Thousands across the country turned to furry forecasters Tuesday morning who offered mixed predictions for the end of winter.
According to tradition, if a groundhog sees its shadow when it emerges from its burrow on Groundhog Day, there will be six more weeks of winter.
At 7 a.m., Shubenacadie Sam in Nova Scotia didn’t see his shadow, predicting an early spring.
Pennsylvania’s Punxsutawney Phil, arguably the best-known weather predicting whistle dog, woke around 7:45 a.m. and also didn’t see his shadow.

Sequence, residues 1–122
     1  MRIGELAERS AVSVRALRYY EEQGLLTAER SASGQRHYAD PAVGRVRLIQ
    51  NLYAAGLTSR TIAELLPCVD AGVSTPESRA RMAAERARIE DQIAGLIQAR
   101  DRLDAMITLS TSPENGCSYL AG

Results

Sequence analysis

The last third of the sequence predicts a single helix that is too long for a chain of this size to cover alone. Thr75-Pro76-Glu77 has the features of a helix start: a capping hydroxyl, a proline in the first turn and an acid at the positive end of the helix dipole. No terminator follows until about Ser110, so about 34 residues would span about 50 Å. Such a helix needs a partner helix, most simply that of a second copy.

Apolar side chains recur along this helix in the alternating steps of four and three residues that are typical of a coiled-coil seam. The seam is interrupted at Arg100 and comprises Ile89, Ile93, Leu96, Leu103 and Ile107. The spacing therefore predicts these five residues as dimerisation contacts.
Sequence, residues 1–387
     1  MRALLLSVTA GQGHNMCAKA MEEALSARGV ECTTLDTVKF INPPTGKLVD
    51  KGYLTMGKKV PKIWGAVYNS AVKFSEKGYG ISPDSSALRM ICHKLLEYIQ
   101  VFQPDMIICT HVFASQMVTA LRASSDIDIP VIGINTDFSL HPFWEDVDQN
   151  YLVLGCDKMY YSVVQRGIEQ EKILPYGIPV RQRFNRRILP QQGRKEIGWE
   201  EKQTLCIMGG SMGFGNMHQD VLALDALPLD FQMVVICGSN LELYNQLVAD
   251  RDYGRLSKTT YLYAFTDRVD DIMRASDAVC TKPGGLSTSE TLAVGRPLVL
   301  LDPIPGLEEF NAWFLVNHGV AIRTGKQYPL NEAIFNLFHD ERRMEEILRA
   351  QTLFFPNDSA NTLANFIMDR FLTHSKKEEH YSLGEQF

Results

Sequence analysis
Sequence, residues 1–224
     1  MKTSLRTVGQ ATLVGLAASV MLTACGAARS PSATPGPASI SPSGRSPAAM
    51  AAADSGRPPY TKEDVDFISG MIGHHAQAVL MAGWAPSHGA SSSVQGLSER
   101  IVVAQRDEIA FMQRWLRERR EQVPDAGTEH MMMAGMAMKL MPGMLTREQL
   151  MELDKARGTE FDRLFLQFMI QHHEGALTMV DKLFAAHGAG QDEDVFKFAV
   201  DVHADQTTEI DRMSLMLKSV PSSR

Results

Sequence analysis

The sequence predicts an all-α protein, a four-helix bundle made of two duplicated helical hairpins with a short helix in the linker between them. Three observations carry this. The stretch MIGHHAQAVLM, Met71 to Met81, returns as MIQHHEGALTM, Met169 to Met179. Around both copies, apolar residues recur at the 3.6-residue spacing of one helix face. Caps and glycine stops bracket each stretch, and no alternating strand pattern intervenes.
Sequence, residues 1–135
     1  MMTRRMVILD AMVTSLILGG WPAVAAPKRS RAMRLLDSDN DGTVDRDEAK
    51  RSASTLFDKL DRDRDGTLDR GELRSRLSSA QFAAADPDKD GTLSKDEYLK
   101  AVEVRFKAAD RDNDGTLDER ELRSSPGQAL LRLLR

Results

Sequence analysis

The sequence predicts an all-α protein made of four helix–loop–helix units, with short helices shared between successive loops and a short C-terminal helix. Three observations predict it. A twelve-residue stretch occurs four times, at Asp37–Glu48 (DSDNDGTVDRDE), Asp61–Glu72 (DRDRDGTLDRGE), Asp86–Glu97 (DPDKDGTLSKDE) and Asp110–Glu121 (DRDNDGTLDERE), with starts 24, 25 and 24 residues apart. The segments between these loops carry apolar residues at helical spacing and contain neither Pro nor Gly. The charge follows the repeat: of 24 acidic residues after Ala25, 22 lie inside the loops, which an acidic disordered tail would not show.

Shortly after 8 a.m., Wiarton Willie emerged from his burrow and saw his shadow, predicting another six weeks of winter.
Sadly, this year’s festivities in Manitoba were canceled due to the death of Winnipeg Willow, who died last Friday at the Prairie Wildlife Rehabilitation Centre.
Last year, Canada’s furry forecasters didn’t agree on their predictions either.
Sam and Phil emerged from their burrows and both saw their shadows, predicting a longer winter. However, Willie didn’t see his shadow, forecasting an early spring.
Regardless of who saw their shadow Tuesday, a typical Canadian winter usually doesn’t end until after March 16th.